Despite having 80 years between them, Tristen Good and Arthur Johnson have discovered you’re never too old to make a new friend.
They were one of nine student-and-senior pairings in a storytelling project launched by Immanuel Christian School and Whisperwood Villa this winter.
Each Grade 11 or 12 student was paired with a resident at the villa and tasked with recording and writing their stories over several visits for a book.
Available online for $15, the book is called “Across the Ages: A Compilation of Stories”.
On Monday, the students each read an excerpt from their story.
Johnson told Good he grew up on a farm, doing everything by hand.
The student said Johnson was one of the nicest people he had ever met.
“I met a 97-year-old man with a mind sharper than most people.”
Immanuel vice-principal and teacher Kim Furtney said the goals of the project included learning how to tell an effective story, discovering that everyone has a story of their own, getting better at writing and finding intergenerational friendship.
“We’re really excited about what we’ve created,” she said.
Hansen Younker was paired up with Harold MacDonald, who turned out to be a former roommate of his great-grandfather.
“We can learn so much from our elders if we invest the time to listen,” Younker said.
Grade 12 student Ben Keizer relayed a flying story from his senior, Robert McIlwaine, a chartered pilot.
He was flying with two other men when the engine began to rattle.
McIlwaine figured it was a missing spark plug.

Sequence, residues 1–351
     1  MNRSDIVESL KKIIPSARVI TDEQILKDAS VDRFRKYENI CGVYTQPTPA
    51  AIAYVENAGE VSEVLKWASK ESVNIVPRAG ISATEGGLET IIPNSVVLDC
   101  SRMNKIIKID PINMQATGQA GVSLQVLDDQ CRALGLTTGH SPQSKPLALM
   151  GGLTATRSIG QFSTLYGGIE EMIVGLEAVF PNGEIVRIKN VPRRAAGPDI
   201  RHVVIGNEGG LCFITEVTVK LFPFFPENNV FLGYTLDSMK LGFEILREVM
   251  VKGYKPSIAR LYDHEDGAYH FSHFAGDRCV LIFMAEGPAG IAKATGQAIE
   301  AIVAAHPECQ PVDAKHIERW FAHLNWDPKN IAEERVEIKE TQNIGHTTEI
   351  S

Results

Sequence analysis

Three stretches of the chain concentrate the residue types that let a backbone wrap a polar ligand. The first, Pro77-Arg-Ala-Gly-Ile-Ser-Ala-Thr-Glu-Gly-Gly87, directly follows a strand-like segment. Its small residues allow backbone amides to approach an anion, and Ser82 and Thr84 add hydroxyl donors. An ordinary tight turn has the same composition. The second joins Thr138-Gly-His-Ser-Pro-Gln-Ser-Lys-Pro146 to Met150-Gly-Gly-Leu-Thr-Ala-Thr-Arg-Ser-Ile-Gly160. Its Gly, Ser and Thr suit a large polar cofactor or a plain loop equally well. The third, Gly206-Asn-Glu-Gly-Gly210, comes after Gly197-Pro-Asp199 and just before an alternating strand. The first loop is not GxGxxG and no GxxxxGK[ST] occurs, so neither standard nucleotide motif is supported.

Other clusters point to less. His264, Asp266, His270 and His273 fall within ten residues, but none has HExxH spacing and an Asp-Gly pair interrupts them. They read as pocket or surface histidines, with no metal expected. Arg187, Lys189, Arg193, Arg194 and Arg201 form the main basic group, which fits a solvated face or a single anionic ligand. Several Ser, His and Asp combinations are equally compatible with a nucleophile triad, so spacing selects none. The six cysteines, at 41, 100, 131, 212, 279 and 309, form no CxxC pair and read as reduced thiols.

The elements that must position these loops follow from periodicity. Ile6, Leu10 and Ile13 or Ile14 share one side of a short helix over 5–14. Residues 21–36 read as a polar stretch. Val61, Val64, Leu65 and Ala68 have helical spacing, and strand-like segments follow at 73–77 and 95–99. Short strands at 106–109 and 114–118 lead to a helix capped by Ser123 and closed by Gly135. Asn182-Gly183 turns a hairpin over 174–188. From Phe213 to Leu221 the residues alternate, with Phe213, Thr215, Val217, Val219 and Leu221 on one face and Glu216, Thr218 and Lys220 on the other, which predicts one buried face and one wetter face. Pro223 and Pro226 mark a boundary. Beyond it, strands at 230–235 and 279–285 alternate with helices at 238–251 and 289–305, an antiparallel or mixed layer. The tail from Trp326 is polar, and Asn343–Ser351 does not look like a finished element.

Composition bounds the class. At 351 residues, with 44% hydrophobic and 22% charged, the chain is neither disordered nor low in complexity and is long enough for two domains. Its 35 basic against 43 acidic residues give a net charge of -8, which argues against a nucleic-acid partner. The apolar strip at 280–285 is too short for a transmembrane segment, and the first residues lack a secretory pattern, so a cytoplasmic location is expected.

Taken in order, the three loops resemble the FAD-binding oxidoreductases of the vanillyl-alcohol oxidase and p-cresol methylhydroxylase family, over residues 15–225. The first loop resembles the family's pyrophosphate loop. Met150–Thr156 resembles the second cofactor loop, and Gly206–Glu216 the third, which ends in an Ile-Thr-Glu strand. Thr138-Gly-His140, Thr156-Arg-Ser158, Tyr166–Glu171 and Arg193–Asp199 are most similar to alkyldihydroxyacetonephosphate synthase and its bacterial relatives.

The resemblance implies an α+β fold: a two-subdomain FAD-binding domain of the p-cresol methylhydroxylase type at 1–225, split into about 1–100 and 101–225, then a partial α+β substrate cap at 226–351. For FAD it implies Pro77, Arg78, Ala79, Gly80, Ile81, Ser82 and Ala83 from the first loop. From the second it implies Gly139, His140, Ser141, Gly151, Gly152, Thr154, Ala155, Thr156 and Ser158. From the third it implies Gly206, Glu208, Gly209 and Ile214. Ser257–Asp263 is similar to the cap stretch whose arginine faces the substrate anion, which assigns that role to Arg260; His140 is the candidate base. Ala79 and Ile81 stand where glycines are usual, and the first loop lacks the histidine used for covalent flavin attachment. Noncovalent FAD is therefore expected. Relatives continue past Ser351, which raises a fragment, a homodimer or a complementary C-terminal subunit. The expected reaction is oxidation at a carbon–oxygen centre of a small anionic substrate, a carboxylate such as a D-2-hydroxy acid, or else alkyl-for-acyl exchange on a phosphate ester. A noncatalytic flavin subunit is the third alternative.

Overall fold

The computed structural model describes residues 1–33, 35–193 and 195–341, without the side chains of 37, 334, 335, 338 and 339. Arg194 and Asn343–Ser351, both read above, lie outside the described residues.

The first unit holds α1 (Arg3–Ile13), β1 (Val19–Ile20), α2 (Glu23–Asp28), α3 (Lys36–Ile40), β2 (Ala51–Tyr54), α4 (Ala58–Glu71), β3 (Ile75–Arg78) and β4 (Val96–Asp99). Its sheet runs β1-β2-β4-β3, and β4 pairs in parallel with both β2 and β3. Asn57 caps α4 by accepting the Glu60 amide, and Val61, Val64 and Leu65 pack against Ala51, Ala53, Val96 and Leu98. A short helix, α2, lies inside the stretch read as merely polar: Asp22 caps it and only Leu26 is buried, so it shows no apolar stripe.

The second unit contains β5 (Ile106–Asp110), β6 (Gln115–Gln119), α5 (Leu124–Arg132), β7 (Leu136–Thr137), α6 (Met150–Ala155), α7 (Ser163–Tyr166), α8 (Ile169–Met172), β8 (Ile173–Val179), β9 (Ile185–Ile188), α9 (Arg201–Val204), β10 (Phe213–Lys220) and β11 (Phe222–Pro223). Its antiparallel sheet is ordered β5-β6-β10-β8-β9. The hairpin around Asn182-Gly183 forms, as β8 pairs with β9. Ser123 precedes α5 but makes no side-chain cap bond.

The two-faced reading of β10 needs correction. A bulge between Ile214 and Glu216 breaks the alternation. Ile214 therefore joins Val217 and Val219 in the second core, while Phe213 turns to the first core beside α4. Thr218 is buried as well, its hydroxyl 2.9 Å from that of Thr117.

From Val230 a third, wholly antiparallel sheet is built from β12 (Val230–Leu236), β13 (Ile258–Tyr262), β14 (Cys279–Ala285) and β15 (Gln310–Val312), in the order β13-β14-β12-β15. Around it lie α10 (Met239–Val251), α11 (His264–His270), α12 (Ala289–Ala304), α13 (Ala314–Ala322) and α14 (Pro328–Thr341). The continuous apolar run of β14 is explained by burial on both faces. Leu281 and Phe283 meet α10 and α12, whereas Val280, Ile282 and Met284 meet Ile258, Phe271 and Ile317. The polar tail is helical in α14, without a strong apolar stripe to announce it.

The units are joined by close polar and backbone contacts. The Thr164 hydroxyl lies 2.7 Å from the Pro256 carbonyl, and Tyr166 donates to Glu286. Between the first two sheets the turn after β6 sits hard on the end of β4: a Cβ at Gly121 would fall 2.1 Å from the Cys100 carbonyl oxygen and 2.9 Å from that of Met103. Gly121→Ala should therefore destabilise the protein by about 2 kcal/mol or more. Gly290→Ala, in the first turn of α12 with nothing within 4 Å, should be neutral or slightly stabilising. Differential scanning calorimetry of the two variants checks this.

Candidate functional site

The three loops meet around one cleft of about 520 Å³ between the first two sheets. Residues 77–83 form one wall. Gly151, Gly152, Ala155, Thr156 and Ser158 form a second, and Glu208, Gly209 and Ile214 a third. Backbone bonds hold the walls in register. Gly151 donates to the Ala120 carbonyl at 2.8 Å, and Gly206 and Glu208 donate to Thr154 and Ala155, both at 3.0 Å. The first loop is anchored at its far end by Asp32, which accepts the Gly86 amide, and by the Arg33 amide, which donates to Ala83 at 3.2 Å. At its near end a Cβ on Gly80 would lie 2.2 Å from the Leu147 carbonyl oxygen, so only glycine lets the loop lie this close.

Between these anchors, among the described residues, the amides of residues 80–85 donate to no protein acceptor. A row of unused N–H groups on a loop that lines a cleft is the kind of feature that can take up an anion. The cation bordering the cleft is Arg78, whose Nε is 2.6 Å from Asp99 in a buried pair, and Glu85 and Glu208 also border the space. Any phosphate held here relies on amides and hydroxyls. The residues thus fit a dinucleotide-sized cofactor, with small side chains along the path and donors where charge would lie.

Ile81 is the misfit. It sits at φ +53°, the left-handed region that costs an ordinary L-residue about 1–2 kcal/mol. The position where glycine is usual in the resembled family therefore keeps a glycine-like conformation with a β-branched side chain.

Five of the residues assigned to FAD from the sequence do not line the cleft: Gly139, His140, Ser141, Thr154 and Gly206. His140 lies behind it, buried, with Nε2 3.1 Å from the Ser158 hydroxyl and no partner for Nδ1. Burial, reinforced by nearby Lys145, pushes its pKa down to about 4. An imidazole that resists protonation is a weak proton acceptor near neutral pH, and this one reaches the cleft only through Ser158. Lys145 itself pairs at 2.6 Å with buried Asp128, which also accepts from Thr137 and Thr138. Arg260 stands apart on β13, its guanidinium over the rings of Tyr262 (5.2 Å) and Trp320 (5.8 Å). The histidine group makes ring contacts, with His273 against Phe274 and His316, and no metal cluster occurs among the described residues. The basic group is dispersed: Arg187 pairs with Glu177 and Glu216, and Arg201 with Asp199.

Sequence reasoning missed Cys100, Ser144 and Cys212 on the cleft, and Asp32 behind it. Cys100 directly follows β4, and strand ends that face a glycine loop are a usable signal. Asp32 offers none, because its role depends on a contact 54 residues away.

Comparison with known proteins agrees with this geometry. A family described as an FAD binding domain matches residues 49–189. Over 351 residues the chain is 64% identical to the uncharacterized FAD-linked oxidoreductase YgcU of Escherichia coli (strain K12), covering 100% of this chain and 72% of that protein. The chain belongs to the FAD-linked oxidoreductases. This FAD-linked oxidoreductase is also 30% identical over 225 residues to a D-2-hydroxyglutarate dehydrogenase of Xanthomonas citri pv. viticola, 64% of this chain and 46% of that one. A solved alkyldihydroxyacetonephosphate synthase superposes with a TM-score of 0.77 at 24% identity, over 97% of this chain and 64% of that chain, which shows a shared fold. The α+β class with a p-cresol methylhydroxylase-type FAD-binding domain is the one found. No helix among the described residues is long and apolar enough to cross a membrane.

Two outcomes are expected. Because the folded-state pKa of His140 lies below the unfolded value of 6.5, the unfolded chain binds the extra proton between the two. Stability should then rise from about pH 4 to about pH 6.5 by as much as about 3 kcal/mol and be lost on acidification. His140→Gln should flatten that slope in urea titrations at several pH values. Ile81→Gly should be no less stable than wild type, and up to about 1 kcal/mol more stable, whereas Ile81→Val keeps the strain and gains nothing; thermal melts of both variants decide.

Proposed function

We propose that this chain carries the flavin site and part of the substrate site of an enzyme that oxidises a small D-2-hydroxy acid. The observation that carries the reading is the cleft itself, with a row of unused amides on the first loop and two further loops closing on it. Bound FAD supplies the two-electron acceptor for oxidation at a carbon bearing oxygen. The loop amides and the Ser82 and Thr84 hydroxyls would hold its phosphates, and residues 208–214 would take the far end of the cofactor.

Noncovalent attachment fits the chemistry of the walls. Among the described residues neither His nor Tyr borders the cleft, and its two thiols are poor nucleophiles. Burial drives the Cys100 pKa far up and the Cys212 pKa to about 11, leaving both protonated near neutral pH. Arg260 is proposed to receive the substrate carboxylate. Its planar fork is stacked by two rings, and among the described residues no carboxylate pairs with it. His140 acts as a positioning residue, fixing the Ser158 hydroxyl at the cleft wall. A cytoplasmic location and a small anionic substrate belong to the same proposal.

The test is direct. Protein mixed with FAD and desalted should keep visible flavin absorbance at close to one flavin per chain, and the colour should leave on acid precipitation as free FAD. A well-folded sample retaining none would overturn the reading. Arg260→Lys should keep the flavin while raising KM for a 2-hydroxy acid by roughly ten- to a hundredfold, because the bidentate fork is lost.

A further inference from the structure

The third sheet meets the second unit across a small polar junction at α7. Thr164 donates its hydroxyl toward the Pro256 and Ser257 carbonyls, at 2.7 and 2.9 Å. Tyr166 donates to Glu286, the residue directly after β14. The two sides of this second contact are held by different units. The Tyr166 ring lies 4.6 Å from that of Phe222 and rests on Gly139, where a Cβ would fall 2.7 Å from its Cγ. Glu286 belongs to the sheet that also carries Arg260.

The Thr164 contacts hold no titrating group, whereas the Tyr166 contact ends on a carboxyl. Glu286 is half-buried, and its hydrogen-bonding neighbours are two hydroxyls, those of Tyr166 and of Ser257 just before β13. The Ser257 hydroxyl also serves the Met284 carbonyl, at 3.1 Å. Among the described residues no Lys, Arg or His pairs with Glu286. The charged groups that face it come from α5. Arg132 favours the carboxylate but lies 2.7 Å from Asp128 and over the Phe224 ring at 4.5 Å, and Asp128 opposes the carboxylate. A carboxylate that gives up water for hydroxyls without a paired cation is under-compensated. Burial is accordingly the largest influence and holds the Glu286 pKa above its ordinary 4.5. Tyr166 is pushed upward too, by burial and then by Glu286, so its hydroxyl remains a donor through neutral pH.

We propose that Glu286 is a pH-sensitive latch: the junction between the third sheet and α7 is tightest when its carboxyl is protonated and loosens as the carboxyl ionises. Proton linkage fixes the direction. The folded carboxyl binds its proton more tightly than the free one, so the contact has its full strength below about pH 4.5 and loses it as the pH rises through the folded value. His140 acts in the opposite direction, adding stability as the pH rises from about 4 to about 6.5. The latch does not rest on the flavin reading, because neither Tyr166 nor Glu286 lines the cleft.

“Is that bad?”
The next time they flew, one of the passengers showed up with a spark plug around his neck, “just in case.”
Annabelle Orichefsky wrote about how Carl and Irene Hamm met each other. She wasn’t present on Monday, so Furtney read her excerpt.
Carl had grown up on his grandparents’ farm, while Irene taught accordion 200 miles away. When her family visited his, the matchmaking began.
Carl thought she was beautiful and asked her out. He got his dad’s fancy car for their first date – a movie and a milkshake. They ended up having five kids.
The project was beneficial for the seniors as well, helping them fill the time over the winter months, and the home hopes to do it again next year with a new group of students.
“We really appreciate the time each resident put in with our students,” Furtney said.
The other students involved were Maddie Anderson, Matthew Hogeterp, Isaiah Hogeterp, Alexander Pastoor and Peter VanNieuwenhuyzen. They were paired with Joe Bordage, George Gallant, Murray Lusher, Patricia Bradley and Beryl Fraser, respectively.